There is more flexibility in the Tony La Russa series than in other sims of the time. Players can customize leagues, create players and make trades. In other words, La Russa III got into the nitty-gritty of baseball. And the flexibility does not end there. The series includes a large amount of stack tracking so that you can see when players will be hot or cold. And when you create your own players you can even choose what type of player he will be, i.e. will he start off hot and cool off near the end of the season, or will he be cold in the beginning and be unstoppable at the end?
Unlike many of the games now, the Tony La Russa series has a bullpen where you must warm pitchers up before they can be used so it adds a realistic twist. I'm not really sure why many of the games now don't incorporate the bullpen. Most of the games in the years prior to La Russa III had the bullpen feature.
In the General Manager area, since you own the team , you make every roster move, trades, drafts -- everything. If you want fantasy, you can trade a couple of minor leaguers for Greg Maddux, or Ken Griffey. You could play an entire season in less than 10 minutes, right through the Fall Classic. In fact, you can play several seasons quickly. See how many HR’s Gant might hit in his career. Players even retire, and some go to the Hall of Fame. It comes complete with awards: MVP, Rookie of the Year, Cy Young, even Manager of the Year. It keeps track of seasonal, post season and even career stats.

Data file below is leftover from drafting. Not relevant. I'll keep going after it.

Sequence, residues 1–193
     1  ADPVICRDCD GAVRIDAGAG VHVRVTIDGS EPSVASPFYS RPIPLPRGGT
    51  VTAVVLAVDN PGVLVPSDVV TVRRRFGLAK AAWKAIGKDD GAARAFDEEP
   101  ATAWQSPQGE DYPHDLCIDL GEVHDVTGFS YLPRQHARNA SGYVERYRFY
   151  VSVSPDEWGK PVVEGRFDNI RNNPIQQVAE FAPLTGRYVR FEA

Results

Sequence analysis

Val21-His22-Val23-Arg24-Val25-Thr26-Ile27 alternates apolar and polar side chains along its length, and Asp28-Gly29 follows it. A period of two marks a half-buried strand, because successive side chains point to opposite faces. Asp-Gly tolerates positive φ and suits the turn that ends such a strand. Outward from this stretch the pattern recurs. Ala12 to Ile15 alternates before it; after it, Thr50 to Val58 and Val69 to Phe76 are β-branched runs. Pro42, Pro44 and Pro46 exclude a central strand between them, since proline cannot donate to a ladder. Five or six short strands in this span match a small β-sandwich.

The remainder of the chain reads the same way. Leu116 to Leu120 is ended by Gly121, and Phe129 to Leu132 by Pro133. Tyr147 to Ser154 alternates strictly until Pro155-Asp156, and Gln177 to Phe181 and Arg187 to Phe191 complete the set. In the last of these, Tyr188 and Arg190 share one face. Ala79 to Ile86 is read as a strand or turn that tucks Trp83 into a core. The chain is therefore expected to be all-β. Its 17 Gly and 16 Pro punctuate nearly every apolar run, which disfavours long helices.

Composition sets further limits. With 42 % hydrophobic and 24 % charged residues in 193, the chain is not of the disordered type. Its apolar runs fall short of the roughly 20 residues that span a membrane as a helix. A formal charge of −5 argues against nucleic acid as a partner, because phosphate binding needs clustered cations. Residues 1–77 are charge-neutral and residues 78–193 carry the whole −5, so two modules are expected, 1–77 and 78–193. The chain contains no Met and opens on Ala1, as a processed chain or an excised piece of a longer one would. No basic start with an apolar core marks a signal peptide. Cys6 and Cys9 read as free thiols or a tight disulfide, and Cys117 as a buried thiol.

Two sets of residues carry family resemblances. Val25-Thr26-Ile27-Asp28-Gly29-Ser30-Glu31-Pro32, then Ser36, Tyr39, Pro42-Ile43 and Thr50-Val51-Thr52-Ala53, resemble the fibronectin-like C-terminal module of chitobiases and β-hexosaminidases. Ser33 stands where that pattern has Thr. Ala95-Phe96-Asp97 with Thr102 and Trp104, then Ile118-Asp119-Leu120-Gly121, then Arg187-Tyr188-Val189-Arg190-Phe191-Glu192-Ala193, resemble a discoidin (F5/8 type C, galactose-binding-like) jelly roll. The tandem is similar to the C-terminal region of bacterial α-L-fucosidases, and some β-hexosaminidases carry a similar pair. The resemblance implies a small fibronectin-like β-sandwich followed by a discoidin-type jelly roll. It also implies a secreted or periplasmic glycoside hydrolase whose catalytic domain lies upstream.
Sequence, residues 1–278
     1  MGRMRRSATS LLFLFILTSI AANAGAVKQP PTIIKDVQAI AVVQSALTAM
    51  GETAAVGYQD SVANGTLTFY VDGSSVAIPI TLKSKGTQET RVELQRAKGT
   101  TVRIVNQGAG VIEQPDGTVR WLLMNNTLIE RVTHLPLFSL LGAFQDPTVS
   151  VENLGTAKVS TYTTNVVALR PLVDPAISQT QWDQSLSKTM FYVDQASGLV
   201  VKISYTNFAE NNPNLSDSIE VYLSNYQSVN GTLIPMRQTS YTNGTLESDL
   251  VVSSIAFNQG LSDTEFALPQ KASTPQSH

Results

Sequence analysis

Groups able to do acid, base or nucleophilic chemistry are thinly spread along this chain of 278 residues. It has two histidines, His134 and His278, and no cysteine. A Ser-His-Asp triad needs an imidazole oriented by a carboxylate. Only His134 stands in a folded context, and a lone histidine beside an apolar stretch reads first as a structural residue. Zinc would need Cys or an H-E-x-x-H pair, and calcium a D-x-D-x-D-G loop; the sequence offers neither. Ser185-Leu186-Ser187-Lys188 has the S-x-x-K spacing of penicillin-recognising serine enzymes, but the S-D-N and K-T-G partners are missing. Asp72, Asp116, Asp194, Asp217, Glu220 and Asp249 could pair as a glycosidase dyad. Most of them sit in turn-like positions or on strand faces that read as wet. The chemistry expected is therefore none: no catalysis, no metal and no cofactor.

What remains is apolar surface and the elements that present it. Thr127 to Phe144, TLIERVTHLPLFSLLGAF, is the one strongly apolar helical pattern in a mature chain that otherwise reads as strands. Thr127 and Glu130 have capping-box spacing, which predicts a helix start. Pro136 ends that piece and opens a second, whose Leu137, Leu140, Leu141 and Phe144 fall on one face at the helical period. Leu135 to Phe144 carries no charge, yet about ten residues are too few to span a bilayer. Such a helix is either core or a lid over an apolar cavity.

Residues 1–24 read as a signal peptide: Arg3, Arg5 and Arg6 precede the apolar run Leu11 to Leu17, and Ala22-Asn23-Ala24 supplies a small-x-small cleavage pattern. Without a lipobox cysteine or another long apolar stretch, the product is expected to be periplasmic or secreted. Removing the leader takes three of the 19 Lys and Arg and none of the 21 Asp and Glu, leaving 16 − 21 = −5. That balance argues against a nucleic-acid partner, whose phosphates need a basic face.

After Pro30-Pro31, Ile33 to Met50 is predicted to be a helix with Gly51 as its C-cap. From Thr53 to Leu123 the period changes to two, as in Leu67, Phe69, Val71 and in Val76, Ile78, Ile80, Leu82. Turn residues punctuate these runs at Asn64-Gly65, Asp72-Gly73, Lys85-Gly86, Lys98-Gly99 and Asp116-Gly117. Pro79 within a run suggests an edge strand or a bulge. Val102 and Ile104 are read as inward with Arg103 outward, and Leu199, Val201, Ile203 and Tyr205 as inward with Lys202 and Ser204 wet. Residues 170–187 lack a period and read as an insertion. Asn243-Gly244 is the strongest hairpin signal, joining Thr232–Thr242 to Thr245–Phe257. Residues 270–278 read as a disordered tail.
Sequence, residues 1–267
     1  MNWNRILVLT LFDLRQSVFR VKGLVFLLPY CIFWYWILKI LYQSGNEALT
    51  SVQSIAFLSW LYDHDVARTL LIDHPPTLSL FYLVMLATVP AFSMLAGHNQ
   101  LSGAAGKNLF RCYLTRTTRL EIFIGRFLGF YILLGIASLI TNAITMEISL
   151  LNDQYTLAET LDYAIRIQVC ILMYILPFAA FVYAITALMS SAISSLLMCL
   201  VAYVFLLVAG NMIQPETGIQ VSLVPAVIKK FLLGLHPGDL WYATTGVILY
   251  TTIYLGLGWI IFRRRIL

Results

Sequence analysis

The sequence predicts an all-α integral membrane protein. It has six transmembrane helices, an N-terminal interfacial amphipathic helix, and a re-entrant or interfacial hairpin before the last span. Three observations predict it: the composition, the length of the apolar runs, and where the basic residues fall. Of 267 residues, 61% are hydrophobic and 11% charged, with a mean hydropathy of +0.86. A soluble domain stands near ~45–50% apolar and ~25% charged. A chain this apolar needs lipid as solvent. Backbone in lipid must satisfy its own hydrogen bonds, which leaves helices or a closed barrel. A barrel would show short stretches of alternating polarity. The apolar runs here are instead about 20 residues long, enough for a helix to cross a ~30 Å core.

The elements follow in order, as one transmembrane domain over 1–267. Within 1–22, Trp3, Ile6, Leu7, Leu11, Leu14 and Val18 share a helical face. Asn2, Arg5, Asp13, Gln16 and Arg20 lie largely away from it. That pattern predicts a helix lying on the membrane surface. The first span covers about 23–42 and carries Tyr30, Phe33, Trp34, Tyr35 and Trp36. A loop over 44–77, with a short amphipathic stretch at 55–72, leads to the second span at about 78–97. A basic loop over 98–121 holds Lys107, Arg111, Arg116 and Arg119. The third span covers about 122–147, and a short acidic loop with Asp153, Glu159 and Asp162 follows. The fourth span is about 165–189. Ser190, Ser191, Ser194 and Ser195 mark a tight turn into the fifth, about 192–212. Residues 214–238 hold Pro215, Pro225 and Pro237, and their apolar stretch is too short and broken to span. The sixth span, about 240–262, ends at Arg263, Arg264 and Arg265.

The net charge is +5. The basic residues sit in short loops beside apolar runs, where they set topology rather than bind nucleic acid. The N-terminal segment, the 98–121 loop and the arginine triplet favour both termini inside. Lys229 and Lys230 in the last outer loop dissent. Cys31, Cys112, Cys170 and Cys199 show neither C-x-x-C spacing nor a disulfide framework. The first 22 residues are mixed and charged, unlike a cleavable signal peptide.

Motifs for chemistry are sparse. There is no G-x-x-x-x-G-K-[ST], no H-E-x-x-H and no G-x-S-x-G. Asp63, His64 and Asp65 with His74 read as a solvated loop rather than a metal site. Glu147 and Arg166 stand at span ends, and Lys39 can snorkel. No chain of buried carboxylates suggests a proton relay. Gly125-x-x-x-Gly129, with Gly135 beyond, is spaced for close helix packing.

You decide which famous announcer will call the game, and Mel Allen, Lon Simmons and Hank Greenwald are included. In La Russa III the announcer actually keeps track of simulated pennant races, down to the playoffs and World Series. So you'll hear about Cleveland leading the ALCS three games to one, needing only one more win to advance to the series. In addition to detailed play-by-play and color commentary the announcers are used more in context to the games. They refer to each player by name when pitching, batting, fielding and baserunning. Yet another aspect that heightens the believability of this game.
Also noteworthy is the video segments aimed at teaching you the art of baseball managing. La Russa would show up and talk about certain situations and possible options to take when those situations would arise. A very unique idea in 1995, and one of the most colorful that I have seen in a baseball sim.
The fielding choices and throws to bases are on the money -- much improved from the prior version. When you control the batter he thinks for himself after you select your strategy of contact, power, and normal. Players seem to play the way they should save in the area of errors. Most players hit, field and pitch like they do in real life.
In summary La Russa III is the best of the baseball games to combine play, manage, and season replay modes during the mid 90s. It has a solid combination of stats, ratings, features, graphics, and sound. Though I'm not a big arcade player, I find the action mode engaging and light. And when it's time to sit down and build the perfect lineup, La Russa's vast collection of stats will serve you well. Stormfront took great care in creating a game both pleasing to both the artist and analyst.